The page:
In Baker v. American Financial Services, Inc., 2016 WL 4030964, at *3 (W.D.Ky., 2016), Judge Stivers allowed an FCRA claim to proceed where the debtor claimed that the reporting of a debt was inaccurate because a 1099-C Form filed by the auto finance lender stated that the debt had been discharged by agreement of the parties.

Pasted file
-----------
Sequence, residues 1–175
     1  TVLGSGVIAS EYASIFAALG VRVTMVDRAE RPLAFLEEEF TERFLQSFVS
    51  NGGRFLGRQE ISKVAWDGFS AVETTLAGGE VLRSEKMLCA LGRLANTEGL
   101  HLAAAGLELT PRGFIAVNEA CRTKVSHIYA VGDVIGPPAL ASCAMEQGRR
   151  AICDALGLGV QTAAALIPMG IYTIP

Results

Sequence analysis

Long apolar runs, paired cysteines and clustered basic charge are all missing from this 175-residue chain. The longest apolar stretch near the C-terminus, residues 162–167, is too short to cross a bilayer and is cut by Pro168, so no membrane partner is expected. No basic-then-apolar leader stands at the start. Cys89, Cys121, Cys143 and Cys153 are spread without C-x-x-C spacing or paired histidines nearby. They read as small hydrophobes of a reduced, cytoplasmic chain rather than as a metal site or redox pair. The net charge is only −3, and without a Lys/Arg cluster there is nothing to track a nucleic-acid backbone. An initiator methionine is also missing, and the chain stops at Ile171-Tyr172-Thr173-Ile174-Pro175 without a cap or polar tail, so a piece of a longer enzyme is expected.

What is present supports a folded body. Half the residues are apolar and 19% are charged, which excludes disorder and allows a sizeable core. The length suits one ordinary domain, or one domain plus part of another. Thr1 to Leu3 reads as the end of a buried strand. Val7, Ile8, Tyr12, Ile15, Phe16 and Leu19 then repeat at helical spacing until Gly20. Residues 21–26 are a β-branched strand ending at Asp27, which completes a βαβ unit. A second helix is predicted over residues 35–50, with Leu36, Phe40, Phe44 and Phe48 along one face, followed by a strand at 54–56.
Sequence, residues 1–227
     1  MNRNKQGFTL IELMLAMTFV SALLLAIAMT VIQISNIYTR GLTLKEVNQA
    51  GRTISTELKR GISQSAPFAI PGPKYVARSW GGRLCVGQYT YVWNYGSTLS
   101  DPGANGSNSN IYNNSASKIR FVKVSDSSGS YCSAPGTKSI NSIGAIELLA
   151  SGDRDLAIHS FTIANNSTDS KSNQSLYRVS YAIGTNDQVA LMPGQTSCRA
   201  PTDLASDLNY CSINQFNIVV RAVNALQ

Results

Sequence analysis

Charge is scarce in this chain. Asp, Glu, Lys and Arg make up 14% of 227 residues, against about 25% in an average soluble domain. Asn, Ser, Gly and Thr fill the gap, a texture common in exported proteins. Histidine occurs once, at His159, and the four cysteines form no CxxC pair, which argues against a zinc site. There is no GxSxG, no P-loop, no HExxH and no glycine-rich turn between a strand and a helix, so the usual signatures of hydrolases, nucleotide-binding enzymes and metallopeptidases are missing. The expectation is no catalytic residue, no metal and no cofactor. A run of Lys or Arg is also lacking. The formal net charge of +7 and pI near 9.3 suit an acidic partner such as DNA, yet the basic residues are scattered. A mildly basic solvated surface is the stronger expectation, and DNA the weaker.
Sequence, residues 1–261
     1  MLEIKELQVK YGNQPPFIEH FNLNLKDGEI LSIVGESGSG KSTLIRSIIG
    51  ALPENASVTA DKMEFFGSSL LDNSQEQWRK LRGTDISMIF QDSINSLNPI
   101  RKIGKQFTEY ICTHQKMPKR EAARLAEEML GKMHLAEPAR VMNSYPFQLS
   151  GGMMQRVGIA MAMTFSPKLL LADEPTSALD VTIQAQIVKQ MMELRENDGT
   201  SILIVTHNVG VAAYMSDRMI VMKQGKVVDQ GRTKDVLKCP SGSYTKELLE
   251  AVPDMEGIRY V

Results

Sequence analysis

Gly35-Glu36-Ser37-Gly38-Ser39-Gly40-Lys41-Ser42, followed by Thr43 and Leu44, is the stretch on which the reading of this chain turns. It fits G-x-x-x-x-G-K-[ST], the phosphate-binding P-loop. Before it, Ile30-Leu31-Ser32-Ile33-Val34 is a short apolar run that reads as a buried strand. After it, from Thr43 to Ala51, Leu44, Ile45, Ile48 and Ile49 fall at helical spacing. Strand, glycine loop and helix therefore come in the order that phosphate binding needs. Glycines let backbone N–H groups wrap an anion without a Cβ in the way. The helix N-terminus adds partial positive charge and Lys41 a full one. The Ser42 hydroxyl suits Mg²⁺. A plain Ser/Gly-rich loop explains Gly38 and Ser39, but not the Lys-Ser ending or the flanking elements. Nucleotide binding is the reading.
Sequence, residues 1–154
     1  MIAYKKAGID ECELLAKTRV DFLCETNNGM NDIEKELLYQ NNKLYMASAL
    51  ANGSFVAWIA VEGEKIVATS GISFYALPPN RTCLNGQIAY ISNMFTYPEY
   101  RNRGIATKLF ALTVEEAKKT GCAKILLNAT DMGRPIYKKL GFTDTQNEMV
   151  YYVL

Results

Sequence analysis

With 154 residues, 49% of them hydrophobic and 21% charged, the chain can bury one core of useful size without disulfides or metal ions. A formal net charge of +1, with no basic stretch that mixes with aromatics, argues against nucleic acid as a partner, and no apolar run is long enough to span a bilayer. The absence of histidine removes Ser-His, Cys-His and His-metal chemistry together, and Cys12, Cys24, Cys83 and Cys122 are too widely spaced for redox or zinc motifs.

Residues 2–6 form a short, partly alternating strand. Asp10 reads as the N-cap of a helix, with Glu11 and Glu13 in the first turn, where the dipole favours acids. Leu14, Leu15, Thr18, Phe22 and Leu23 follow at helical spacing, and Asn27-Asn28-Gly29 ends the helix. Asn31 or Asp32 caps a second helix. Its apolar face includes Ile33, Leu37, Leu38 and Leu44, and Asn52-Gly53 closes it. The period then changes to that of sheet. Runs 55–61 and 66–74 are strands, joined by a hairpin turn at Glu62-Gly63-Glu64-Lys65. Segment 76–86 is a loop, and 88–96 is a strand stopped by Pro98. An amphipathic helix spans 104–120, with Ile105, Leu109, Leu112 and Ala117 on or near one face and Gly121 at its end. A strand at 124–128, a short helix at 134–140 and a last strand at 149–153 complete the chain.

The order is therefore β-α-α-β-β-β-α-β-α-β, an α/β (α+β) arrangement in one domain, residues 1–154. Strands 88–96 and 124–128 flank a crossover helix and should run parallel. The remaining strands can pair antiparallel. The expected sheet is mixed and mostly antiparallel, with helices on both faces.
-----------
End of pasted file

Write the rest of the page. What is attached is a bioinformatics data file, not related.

The parties urge the Court to adopt one of two views regarding the legal effect of a Form 1099-C. The first view favors the creditor and finds that the filing of a Form 1099-C is irrelevant in determining discharge. See, e.g., FDIC v. Cashion, 720 F.3d 169, 176-81 (4th Cir. 2013); Owens v. Comm’r, No. 02-61057, 2003 WL 21196200, at *3 (5th Cir. May 15, 2003); Capital One v. Massey, No. 4:10-CV-01707, 2011 WL 3299934, at *3 (S.D. Tex. Aug. 1, 2011); United States v. Reed, No. 3:09-CV-210, 2010 WL 3656001, at *2 (E.D. Tenn. Sept. 14, 2010). Alternatively, the second view favors the consumer and establishes the opposite. See, e.g., In re Reed, 492 B.R. 261, 268 (Bankr. E.D. Tenn. 2013); In re Crosby, 261 B.R. 470, 476-77 (Bankr. D. Kan. 2001)); In re Welsh, No. 06-10831ELF, 2006 WL 3859233, at *2 (Bankr. E.D. Pa. Oct. 27, 2006). The Court finds it unnecessary to adopt either view in this case. The Court considers only whether Baker has plausibly stated a claim upon which relief can be granted based on the facts alleged in the Complaint. Iqbal, 556 U.S. at 678. In this regard, Baker has plausibly stated a claim. Specifically, an admission by the creditor within the Form 1099-C plausibly indicates discharge even if the mere filing of the form does not. Here, GMF indicated in the Form 1099-C that discharge by agreement of the parties was the identifiable event which triggered the filing by reference in the form to Subpart G of the Regulation. (Pl.’s Resp. Ex. A). GMF appears to have acknowledged on the face of the Form 1099-C that Baker’s debt had been discharged. Discovery may ultimately prove discharge did not in fact occur, but at this stage the Court finds Plaintiff’s allegation of discharge is plausible. Therefore, GMF’s motion will be denied regarding Baker’s FCRA claims.